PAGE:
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The Dunning-Kruger Effect and What to Do about It

The Dunning-Kruger Effect and What to Do about ItOne of the most stressful aspects of being promoted to management can be the responsibility of determining others' compensation. Why is that? You might call it inflated egos. Psychologists call it the Dunning-Kruger effect, and Business Pundit has a great post on the phenomenon this week. First, a definition of the effect from Business Pundit:

The essence of the Dunning-Kruger effect is that "ignorance more frequently begets confidence than knowledge." Studies have shown that the most incompetent individuals are the ones that are most convinced of their competence... An important corollary of this effect is that the most competent people often underestimate their competence. This is a result of how you frame knowledge. The more you know, the more you focus on what you don't know. For instance, people who can name 15 of the 50 state capitals tend to think "I know 15." People who know 45 of the 50 state capitals tend to think "I don't know 5."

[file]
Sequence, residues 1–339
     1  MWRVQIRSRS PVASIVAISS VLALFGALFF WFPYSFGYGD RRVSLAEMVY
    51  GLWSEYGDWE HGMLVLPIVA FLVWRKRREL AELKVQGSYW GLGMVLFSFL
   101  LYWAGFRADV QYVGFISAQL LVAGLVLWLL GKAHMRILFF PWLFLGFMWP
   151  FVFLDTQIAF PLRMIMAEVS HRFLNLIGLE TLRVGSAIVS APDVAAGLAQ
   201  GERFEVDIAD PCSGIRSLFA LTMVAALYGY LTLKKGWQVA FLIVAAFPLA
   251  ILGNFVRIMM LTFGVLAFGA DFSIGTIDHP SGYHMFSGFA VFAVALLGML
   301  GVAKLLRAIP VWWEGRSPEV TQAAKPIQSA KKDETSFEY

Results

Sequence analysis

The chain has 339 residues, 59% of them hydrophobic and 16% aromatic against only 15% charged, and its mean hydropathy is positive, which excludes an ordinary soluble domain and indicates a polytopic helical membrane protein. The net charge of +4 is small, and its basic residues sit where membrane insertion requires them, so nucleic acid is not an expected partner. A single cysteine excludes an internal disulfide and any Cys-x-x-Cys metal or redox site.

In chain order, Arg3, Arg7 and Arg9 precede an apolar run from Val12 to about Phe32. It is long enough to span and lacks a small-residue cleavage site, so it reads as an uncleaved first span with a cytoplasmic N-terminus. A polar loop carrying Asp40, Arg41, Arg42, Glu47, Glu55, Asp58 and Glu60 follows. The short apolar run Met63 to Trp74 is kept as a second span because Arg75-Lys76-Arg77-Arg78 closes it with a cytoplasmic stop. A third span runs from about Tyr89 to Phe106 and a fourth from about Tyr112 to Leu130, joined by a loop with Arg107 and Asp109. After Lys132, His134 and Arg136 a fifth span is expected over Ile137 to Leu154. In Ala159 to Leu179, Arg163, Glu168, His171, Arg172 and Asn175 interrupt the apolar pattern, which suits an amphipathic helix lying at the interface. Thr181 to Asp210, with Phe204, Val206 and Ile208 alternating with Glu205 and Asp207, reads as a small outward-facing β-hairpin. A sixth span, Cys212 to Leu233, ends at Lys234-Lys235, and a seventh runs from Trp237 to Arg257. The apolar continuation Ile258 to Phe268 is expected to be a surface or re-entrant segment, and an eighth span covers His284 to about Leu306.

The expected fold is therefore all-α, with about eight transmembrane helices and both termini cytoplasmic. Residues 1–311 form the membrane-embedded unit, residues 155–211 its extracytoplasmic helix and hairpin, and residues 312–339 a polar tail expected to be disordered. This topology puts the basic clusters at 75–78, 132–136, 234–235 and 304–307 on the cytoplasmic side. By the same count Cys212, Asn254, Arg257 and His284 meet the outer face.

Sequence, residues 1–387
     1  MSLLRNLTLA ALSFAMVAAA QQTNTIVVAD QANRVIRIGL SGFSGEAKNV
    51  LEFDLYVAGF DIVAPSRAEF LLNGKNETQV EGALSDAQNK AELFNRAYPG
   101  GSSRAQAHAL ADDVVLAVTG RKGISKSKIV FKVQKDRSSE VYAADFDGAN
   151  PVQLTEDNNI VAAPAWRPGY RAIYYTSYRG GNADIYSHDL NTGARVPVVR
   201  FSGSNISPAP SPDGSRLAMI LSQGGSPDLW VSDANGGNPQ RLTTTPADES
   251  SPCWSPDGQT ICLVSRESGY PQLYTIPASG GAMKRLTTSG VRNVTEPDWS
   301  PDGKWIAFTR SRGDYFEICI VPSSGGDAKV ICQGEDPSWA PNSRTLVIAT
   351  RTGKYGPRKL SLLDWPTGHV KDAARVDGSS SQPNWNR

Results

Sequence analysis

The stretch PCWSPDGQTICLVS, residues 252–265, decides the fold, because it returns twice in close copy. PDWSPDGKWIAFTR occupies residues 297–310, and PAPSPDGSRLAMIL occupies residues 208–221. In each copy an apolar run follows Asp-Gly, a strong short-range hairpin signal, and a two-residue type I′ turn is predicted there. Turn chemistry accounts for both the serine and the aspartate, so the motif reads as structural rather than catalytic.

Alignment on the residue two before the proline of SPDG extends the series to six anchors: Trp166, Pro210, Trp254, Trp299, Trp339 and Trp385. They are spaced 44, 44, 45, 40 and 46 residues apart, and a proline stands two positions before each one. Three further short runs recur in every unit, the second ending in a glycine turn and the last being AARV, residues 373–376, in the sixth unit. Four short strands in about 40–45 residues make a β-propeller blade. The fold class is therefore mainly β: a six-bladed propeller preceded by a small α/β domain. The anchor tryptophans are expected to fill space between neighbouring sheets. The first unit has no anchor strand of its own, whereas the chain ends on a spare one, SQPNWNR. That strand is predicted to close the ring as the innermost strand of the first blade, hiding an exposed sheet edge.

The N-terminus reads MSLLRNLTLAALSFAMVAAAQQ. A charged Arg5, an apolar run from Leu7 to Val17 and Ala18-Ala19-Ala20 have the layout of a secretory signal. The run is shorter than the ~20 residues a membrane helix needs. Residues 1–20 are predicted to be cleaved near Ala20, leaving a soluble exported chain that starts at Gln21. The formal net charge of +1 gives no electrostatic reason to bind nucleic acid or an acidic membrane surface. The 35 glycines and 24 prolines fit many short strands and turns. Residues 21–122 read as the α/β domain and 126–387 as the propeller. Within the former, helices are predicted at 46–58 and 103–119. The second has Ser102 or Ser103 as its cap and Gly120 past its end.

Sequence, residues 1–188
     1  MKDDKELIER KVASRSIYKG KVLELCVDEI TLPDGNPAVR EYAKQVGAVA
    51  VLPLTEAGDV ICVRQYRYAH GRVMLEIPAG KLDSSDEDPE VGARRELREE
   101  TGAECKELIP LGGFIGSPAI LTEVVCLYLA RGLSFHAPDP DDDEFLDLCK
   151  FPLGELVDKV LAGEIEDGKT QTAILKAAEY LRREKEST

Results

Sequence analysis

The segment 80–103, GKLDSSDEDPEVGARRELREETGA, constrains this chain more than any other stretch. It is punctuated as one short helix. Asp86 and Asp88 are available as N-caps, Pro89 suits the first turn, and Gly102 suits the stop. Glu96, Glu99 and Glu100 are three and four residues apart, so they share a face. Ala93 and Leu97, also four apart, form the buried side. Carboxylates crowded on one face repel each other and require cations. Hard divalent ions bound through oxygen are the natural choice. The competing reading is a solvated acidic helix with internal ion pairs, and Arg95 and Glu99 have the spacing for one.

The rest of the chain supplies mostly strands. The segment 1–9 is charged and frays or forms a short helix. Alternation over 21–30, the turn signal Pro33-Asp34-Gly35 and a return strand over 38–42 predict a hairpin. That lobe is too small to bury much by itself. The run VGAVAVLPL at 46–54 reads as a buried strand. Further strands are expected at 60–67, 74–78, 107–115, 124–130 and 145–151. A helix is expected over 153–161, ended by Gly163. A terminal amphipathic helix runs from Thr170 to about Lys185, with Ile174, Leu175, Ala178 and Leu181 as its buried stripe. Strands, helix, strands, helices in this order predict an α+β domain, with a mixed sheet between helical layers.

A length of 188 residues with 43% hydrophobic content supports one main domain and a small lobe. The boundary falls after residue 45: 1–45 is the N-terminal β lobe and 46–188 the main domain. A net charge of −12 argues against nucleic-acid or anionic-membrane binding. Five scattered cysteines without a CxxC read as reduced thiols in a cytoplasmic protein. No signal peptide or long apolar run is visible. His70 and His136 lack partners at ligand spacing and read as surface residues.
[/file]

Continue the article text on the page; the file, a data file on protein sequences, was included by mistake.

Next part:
Or as British philosopher Bertrand Russell put it: "the trouble with the world is that the stupid are cocksure and the intelligent are full of doubt." How can you minimize this effect? Business Pundit offers some suggestions:
  1. Use as many measurable standards of performance as possible. Even idiots have a difficult time refuting concrete performance goals.
  2. Encourage dissension and debate. This is tough, because if this is not handled properly, it can build a culture of negativity and risk aversion. Your goal shouldn't be to avoid risk, just to expose and understand it.
  3. Show confidence in your best employees, even when they don't have confidence in themselves.
If you are interested in learning more about about the phenomenon, you can check out Dunning and Kruger's study, or this lengthy blog post on the research from Damn Interesting.

(Image of snoozing worker by cell105, CC 2.0)

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